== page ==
Some of the best NYC museums are in historic homes and mansions, several dating to the Revolutionary War or Civil War.
Here are seven historic homes in the Bronx well worth a visit. If only the walls could talk, and tell us even more than the wonderful exhibits.
Alexander Hamilton built this Federal-style house in 1801 as a country retreat, back when this part of Northern Manhattan was still farmland. The floor-to-ceiling windows offer commanding views from the hilltop location. The neat row houses on the streets around the house were built in the early 20th century on land Hamilton once owned.
George Washington camped out here briefly, using the house at his headquarters during the Revolutionary War. Washington used the mansion again a few years later for the very first presidential cabinet meeting, which included both Secretary of the Treasury Alexander Hamilton and lifelong rival Aaron Burr.
Park Rangers give hourly tours, but because of Hamilton’s new superstar status, reservations are absolutely required. If you just show up, you are unlikely to get inside, even to visit the gift shop. But the surrounding park is lovely.
- Hamilton Grange National Memorial is at 141st St. and Convent Ave., just north of CUNY.
Built in 1812 in what was then the village of Fordham, just off what is now the Grand Concourse, this white clapboard house is typical of the working-class homes in the area at the time. Poet Edgar Allan Poe, his wife, and mother-in-law, moved into the cottage in 1842 when it was still “the country”, and it was hoped the clear country air would help cure Mrs. Poe’s tuberculosis. It didn’t, and she died a few years later.
Poe wrote some of his most famous works here, including “Annabel Lee,” “Eureka” and “The Bells.” In 1913, the New York Shakespeare Society raised enough funds to save the house from destruction.
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This is the last Dutch farmhouse in Manhattan. Jan Dyckman established a farm near the northern tip of Manhattan in the 1660s. After its destruction in the Revolutionary War, his grandson, William Dyckman, replanted the land and built this Farmhouse around 1784. Constructed mostly of fieldstone and clapboard, it features sloping spring eaves, wide porches, and a simple brick facade facing the street.
The small home served three generations of the Dyckman family until 1868.
In 1915, daughters of the last Dyckman to grow up in the house, bought the building and restored it as a museum to early America, and donated it to NYC. Displays include uniforms of the Hessian soldiers who occupied the house during the Revolutionary War, and period furnishings. Be sure to visit the charming small garden behind the house.
- Also a member of the Historic House Trust. It’s a few blocks north of Dyckman Street, named for the family that once owned the land.
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In 1654, Thomas Pell purchased the land on which the Bartow-Pell Mansion now sits from the Siwanoy Indians. Four generations of Pells lived in the house, which was constructed in 1836 by Robert Bartow, hence the hyphenated name.
In 1888, the Bartow family sold the house and its vast grounds to New York City to become part of what would become Pelham Bay Park, the city’s largest park.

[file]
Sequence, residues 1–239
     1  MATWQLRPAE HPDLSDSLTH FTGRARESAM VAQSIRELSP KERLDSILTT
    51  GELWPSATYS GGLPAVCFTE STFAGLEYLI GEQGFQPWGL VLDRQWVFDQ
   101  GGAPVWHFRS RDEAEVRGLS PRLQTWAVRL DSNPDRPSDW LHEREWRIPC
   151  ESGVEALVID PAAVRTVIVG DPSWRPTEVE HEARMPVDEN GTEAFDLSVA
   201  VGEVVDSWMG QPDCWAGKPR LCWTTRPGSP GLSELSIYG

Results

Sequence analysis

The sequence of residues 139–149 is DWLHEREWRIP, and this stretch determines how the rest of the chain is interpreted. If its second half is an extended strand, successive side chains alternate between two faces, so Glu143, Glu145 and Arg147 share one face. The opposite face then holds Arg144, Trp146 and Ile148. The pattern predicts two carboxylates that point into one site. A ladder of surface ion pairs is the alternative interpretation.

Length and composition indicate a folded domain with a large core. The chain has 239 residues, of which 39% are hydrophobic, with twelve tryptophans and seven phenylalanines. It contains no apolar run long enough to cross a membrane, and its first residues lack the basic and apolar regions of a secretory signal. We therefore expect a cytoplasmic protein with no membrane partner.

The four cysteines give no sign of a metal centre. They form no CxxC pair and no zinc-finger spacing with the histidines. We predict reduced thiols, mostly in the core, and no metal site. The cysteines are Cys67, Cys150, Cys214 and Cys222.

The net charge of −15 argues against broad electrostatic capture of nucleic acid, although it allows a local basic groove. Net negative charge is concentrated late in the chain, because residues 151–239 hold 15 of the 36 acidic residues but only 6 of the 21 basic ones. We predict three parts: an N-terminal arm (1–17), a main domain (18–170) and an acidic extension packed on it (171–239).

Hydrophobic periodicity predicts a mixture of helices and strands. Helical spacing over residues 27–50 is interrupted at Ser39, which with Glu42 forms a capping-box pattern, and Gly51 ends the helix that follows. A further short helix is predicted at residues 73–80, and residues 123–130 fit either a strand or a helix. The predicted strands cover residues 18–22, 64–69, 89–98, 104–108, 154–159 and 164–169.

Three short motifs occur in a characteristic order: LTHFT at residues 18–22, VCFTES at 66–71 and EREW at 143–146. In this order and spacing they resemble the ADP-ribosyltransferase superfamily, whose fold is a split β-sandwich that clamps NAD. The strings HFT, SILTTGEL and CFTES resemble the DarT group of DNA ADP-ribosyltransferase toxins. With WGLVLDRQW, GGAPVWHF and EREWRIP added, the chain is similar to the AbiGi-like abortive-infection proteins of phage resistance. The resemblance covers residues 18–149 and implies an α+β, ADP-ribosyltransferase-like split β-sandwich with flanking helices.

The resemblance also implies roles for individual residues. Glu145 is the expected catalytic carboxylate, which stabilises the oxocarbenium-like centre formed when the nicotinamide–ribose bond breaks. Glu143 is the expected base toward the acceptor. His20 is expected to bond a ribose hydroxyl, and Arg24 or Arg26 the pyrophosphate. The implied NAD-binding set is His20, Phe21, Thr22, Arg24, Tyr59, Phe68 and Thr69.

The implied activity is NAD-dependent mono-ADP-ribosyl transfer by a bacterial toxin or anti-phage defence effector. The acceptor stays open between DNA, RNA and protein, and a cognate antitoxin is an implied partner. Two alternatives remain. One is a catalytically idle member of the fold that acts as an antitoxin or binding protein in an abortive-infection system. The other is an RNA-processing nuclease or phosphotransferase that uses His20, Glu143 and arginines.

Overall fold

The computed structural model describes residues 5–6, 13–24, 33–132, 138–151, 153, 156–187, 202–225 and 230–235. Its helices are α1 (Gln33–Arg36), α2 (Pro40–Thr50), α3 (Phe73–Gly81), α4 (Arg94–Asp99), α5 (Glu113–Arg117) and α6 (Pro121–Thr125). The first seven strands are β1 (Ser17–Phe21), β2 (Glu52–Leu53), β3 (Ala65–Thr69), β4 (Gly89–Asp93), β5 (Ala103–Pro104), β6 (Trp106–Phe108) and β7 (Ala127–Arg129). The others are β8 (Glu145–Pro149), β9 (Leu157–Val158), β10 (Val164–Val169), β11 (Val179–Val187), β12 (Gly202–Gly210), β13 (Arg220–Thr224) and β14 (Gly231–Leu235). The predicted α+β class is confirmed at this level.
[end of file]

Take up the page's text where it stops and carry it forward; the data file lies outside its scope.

After being home to numerous private and charitable organizations, Mayor Fiorello LaGuardia used it as his home, instead of Gracie Mansion.
The house has been open to the public as a museum since 1946, and also is part of the Historic House Trust. Bartow-Pell Mansion is a National Historic Landmark and a New York City Landmark.
- In addition to the house, its grounds, gardens and historic cemetery are well worth a visit.
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This 1758 Georgian style home was once the center of a 1,000 acre estate, built and owned by Dutch settlers, the Van Cortlandt family, in a town then knowns as Jonckers (Yonkers). In addition to being the oldest building in the Bronx, the house is important for its Revolutionary War history, when it was used by George Washington, Rochambeau and the Marquis de Lafayette.
It was converted into a museum in 1896 by the National Society of Colonial Dames in the State of New York, and has been opened to the public ever since. According to the museum website, the “museum’s research focuses on the Van Cortlandt family, the social history of those who lived and worked on the property and the study of decorative arts.”
- It is owned by the NYC Dept. of Parks and Recreation, operated by the Colonial Dames group, and a member of the NYC Historic House Trust.
Built by Isaac Valentine in 1758, this Georgian style farmhouse is the Bronx’s oldest farmhouse and second oldest house. It was purchased n 1792 by Isaac Varian from Valentine’s creditors, hence its hyphenated name. The house was donated to the Bronx County Historical Society in 1965 to ensure its preservation, and moved to its present site from further down the street.
Exhibitions focus on changes to the Bronx over time. When visiting, make sure to keep an eye out for the Bronx River Soldier sculpture in front of the house, which was made forbut ended up at the bottom of the Bronx River.
- It is currently one of the Historic House Trust sites and also home to the .
Built as a country house in 1843 by attorney William Lewis Morris, grandnephew of Lewis Morris, a signer of the Declaration of Independence, it was later rented to famous residents including Theodore Roosevelt, Mark Twain, and Arturo Toscanini. The house was purchased in 1903 by J. P. Morgan’s partner, George W. Perkins, whose family donated it to New York City in 1060.
The views across the Hudson River to the Palisades are picture postcard perfect in any season, as are the visits to the well-maintained gardens and green house.
What’s your favorite NYC museum? Especially a small, off the beaten track NYC museum.
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